Jump on the marble trend with these two different techniques for creating a faux stone finish. One method uses nail polish to apply a marbleized look to clear glass jars, and the other uses alum (a kitchen staple) and acrylic craft paint. Apply this technique to paper and use it as artwork, or upload your design to a fabric printing service such as Spoonflower (spoonflower.com) to apply your design to fabric. We show you below how to succeed at both marbleizing techniques!
Fill a disposable bucket with water. The water should be high enough to submerge the glass container you're planning to work with.
Slowly pour various colors of nail polish into the bucket. Be sure to drizzle the polish around the surface; do not dump it all out at once. Work fast so the polish doesn't dry.
Tip: The better quality polish you use, the better your project will turn out.
Use a wood skewer to swirl the colors in the bucket. To get the best result, dunk the skewer into the water straight up and down, not at an angle. Slowly move the skewer around until you see your desired marble look. Draw the skewer straight up and out of the water when done.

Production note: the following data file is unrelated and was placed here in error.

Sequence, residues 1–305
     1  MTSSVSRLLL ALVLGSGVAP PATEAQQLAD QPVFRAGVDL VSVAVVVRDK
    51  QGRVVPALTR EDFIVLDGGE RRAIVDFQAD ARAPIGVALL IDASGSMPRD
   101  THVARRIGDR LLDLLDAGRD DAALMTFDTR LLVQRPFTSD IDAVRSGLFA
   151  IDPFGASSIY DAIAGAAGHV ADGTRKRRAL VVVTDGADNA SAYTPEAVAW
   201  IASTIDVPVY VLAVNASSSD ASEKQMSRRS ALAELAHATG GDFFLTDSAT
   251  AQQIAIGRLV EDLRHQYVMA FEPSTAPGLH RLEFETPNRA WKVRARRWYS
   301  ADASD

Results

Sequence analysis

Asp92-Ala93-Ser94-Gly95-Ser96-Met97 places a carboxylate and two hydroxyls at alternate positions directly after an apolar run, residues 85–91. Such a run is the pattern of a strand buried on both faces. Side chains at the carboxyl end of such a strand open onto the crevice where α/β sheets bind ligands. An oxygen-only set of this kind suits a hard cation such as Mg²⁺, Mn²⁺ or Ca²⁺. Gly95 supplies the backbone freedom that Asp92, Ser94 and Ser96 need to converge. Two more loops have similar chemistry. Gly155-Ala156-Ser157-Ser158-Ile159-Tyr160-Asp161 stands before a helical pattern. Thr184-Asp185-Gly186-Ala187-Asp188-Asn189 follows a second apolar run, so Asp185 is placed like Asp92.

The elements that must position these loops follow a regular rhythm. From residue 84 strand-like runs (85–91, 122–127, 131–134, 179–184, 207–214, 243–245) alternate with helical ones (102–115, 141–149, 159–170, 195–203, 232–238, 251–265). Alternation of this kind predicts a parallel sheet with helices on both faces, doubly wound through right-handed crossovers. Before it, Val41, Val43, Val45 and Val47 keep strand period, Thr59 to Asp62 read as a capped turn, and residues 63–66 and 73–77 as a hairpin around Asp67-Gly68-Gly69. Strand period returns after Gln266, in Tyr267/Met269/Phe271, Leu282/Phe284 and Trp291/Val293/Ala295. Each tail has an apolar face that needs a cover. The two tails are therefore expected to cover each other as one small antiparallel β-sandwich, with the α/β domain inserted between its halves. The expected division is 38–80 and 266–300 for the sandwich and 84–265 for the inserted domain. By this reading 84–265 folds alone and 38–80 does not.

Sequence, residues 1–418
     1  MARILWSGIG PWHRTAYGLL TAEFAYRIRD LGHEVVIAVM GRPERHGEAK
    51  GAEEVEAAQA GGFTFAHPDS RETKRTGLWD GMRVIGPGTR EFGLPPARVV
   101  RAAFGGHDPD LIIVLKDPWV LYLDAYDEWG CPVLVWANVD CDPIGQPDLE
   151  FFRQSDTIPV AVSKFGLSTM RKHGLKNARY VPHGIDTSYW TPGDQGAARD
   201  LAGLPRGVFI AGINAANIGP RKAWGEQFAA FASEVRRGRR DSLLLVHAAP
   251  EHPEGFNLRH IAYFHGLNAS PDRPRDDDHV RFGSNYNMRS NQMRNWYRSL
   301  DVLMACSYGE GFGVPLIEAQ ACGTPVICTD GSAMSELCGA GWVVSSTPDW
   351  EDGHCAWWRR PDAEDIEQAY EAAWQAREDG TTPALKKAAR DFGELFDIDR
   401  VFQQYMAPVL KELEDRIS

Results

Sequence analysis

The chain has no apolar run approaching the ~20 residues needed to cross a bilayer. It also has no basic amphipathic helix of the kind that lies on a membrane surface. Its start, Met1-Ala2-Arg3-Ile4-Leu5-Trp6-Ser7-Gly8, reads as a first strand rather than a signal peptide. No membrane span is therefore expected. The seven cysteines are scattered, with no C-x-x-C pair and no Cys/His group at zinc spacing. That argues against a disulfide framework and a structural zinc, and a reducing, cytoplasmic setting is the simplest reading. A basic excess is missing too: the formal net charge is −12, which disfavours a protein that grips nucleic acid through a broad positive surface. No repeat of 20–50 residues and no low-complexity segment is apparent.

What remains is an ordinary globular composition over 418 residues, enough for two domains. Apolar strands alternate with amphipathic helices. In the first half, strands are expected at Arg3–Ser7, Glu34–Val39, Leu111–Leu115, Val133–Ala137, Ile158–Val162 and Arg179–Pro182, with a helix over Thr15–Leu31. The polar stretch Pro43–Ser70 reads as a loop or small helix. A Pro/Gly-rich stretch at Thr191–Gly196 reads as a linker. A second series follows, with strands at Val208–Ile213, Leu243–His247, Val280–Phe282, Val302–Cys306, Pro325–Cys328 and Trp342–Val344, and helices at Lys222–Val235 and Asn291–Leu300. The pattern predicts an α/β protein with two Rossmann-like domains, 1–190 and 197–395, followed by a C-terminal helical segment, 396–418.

As soon as you remove your skewer from the bucket, hold the glass container by the top and slowly dunk it into the water. Stop when you're about 3/4s of the way down and pull the container back up. Hold it over the bucket for a few second to the the drips fall back into the container.
You should make the dip as smooth and controlled as possible. Swishing the glass container in the bucket can ruin the design.
Set the glass upside-down on a stack of paper towels to dry. If desired, you may paint a layer of decoupage medium over the marble effect to protect it from scratches.
In one tray, mix a starch bath with 4 cups liquid starch and 1 tsp. alum. Fill the other tray with water. (Note: Trays should be larger than paper.) In cups, dilute 2 parts of each paint color in 3 parts water; stir
Use cocktail straws, eyedroppers, or spoons to gently drip paint into the starch bath. The paint should cling to the surface. Continue adding paint until the surface is nearly covered; you can add more later if needed.
Start experimenting. Manipulate your paint by swirling a straw or stick through the painted surface. Drip new paint colors inside other drops of color to form concentric circles. Go slowly, and let paint spread organically.
To create a classic feathered look, drag a rake through the paint. Make a rake by duct-taping toothpicks spaced 1/2-inch apart to a cardboard strip. Try multiple pulls, different directions, or zigzags. Paint will continue to shift, so have paper ready for the next step
Slowly lower paper onto the painted starch surface. Once the full sheet is in contact with the surface, peel it back and rinse gently in the tray of water. Lay flat to dry. Repeat the process with clean paper until starch is murky, then start over.
When you're done with the starch bath, it can go down the drain. Afterward, run water for 1 minute.